These researchers looked at ratios of cancer funding relative to the different metrics of cancer burden. Looking at mortality alone, brain/CNS, breast, cervical, leukemia, and testicular cancers appeared to be overfunded. At the same time, bladder, esophageal, lung, oral, stomach, and uterine cancers were the most consistently underfunded across the different metrics.

Of course, there are different ways to evaluate cancer burden. When looking at incidence, breast cancer has the greatest burden, with an estimated 271,270 new cases in 2019, according to NCI data. When looking at YLL, lung cancer is far and away the greatest with 2,372,000 YLL (even when compared with the second highest: colorectal cancer with 800,000 YLL). In terms of mortality, lung cancer has the greatest burden with 142,670 deaths last year, as we’ve discussed.

“In absolute terms, lung cancer accounts for 32% of cancer deaths while receiving 10% of cancer research funding,” the researchers noted. But why might this be?

“Funding for lung cancer is quite low given its cost, mainly due to a ‘blame the victim’ attitude in which the personal choice to smoke is seen as the direct cause,” they contended. “The levels of funding for liver cancer (2.6% of funding compared to 3.8% of deaths and 3.8% of YLL) and oral cancer (0.5% of funding compared to 1.6% of deaths and 1.8% of YLL) may also be influenced by this ‘blame the victim’ prejudice (Hepatitis B infection and alcoholism contribute to liver cancer risk and chewing tobacco contributes to oral cancer risk).”

How do we fix these discrepancies? “We recommend redistribution from overfunded cancers to underfunded cancers to improve the effectiveness of cancer research funding,” the researchers stated.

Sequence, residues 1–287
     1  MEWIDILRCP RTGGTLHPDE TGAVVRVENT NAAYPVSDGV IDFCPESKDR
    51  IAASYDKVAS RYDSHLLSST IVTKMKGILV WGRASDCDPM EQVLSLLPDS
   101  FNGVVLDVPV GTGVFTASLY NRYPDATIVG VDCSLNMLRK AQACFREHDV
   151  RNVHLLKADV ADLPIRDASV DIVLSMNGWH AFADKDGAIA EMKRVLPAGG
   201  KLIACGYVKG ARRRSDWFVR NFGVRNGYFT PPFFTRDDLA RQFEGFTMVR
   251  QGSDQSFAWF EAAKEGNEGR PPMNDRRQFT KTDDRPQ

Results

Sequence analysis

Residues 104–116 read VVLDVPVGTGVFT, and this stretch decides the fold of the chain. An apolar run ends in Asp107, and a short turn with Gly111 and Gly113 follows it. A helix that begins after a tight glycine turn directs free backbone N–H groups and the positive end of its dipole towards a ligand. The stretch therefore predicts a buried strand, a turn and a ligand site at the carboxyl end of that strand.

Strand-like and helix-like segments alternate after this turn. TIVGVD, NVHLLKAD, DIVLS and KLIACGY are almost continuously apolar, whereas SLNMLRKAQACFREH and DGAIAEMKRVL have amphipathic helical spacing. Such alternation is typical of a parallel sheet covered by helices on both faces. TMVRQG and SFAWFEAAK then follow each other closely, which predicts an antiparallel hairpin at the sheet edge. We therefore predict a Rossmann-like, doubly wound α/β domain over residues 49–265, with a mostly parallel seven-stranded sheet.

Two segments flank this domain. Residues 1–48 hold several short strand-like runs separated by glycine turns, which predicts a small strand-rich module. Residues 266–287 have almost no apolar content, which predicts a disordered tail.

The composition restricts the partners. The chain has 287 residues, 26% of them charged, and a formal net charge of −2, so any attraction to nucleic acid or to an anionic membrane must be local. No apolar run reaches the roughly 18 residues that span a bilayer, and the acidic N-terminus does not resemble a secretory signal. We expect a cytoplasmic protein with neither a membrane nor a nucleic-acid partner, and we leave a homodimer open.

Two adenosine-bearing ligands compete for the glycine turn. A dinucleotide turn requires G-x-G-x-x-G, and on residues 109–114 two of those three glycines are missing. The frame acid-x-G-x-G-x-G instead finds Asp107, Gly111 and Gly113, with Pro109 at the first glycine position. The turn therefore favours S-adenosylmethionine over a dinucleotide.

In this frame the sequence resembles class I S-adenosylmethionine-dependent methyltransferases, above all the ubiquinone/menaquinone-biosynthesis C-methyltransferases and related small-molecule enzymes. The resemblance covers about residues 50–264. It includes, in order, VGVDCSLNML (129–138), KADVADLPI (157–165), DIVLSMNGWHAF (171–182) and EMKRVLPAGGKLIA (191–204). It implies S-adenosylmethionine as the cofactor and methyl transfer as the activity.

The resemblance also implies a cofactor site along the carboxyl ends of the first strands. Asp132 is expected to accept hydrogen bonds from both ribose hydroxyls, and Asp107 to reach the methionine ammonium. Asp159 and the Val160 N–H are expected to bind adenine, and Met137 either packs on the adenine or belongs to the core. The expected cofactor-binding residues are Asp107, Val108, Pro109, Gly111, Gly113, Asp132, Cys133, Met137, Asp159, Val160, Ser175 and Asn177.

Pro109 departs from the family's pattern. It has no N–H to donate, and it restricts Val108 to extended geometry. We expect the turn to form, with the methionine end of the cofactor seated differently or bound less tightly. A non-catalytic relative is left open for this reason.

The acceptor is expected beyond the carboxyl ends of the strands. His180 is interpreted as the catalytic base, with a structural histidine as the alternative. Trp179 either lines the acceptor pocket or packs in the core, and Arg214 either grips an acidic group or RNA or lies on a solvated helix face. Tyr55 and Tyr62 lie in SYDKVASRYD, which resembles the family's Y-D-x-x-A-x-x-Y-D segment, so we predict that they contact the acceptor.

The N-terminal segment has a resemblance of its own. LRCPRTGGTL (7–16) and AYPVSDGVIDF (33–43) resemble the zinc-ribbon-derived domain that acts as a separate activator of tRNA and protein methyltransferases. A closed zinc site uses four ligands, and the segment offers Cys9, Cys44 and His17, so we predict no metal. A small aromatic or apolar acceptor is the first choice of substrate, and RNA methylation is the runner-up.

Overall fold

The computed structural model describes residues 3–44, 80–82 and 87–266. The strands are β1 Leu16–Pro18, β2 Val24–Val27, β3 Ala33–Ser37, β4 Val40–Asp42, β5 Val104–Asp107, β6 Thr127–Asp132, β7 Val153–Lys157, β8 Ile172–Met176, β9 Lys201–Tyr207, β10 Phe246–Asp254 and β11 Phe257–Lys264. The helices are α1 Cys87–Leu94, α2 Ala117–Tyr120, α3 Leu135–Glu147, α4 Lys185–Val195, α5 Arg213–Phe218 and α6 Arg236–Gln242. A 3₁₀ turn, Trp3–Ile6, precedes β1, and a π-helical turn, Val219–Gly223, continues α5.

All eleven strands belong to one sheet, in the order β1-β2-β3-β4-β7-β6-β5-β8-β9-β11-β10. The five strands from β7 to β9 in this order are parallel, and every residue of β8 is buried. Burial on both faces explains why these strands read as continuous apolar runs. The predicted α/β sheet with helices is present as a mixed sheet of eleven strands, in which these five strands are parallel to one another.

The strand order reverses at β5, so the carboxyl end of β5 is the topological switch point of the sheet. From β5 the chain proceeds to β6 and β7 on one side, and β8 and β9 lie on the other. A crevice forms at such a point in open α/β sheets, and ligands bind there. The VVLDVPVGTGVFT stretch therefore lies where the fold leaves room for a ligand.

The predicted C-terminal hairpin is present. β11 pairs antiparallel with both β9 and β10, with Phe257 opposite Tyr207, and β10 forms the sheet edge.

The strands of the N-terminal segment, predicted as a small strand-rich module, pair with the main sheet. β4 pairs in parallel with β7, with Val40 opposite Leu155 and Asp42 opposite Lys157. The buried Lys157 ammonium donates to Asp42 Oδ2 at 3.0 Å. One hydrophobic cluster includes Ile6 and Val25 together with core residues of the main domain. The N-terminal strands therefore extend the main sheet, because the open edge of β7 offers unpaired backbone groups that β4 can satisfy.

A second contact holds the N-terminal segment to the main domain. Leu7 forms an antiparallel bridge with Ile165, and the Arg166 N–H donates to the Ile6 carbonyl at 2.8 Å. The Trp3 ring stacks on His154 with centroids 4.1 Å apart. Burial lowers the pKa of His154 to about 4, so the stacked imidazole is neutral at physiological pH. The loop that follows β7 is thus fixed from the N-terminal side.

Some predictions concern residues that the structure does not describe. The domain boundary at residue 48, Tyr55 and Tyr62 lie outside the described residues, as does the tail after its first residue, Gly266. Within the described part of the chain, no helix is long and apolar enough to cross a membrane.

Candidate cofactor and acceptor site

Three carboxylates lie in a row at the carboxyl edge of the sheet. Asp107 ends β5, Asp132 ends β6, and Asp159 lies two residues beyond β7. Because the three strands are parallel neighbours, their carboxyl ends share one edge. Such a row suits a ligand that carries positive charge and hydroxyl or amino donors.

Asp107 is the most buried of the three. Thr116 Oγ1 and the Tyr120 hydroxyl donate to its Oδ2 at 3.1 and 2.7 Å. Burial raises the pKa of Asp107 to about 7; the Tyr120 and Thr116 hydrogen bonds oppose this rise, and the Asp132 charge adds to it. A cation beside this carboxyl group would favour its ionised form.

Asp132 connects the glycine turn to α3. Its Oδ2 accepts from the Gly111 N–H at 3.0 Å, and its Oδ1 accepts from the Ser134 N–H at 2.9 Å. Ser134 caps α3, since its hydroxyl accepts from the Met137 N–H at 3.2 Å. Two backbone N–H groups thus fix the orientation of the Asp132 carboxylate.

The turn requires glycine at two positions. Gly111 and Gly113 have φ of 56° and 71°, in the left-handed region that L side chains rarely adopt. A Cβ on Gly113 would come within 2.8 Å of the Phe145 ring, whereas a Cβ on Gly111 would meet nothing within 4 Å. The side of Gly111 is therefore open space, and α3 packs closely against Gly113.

Intuitively, that makes sense. Overfunded cancers could apportion some of their research dollars to the underfunded and more deadly cancers. But, is this really the best way to fairly allocate cancer funding?

The ‘utilitarian answer’ may not be the answer

“Although it is plausible that disease funding and donations should be proportionate to some measure of the harm or damage done by a particular disease or specific tumor type, it is not certain that this will in turn result in the greatest benefit. Making this assumption is a straightforward logical error,” argued hematologist-oncologist Vinay Prasad, MD, MPH, in a commentary article in the Journal of the National Comprehensive Cancer Network.

“Research funding ought to maximize the potential absolute risk reduction from research gains, and need not be strictly proportionate to measures of the severity of disease,” added Dr. Prasad, who is an associate professor of medicine at the University of California San Francisco.

If one approached cancer funding in “the most logical and ethical way,” then the best strategy would not be to save the most lives, but to save the most years of life lost as possible. “This is what philosophers call the utilitarian answer. All things being equal, we should fund projects that will give us the most years of quality life back,” he wrote.

But even the “utilitarian answer” isn’t a perfect one, Dr. Prasad noted. Who can guess which research projects will return the greatest dividends in increasing the years of life for patients?

Also, the “utilitarian answer” would require some authority in place to make decisions for distributing research funds more equitably. But then “the most logical and ethical way” to fund cancer research would be one that takes away, or at least oversees, how individuals choose to make charitable contributions.  

“Many donors choose a cause they are affected by, either personally or through family or friends,” wrote the Northwestern University researchers.

And that’s as it should be. So, ideally, appropriate funding of cancer research would somehow balance the personal preferences of donors with getting the most “bang for the buck” in terms of patient life years.

As Dr. Prasad concluded: “Appreciation of this fact may lead to more constructive debates about equitable cancer research funding and donation by tumor type.”